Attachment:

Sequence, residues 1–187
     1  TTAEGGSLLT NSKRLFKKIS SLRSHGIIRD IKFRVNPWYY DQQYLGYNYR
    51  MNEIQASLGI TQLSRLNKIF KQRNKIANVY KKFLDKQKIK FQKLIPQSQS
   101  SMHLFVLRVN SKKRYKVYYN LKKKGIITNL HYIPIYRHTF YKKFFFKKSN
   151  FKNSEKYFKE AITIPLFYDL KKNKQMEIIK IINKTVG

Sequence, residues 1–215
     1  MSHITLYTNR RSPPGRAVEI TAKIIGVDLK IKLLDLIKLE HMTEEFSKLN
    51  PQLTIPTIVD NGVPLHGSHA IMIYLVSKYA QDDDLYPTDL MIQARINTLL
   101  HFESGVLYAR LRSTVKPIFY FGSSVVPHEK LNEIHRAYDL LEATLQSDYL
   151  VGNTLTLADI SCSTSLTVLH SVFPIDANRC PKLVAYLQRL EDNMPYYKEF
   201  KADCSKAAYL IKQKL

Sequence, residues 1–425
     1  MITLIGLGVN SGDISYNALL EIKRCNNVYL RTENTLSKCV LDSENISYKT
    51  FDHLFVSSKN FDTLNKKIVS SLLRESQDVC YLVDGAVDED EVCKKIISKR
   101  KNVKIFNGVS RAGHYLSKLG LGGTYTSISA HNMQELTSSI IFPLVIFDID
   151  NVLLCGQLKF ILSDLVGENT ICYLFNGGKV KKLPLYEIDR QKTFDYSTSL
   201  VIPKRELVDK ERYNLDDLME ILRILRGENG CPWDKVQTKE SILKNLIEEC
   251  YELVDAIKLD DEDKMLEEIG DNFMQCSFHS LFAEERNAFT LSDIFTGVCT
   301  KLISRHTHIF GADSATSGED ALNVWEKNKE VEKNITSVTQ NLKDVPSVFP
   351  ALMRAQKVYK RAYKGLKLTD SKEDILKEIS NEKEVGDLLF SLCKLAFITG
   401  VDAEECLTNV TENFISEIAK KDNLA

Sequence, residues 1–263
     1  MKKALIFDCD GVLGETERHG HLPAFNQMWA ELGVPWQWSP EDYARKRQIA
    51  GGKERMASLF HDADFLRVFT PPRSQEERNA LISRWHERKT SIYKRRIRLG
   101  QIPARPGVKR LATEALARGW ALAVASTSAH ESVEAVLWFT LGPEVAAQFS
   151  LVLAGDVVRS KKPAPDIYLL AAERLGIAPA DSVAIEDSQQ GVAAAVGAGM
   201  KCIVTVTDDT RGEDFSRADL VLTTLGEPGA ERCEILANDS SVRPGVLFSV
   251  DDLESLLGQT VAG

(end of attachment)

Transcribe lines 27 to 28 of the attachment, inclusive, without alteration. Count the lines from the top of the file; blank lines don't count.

   201  KCIVTVTDDT RGEDFSRADL VLTTLGEPGA ERCEILANDS SVRPGVLFSV
   251  DDLESLLGQT VAG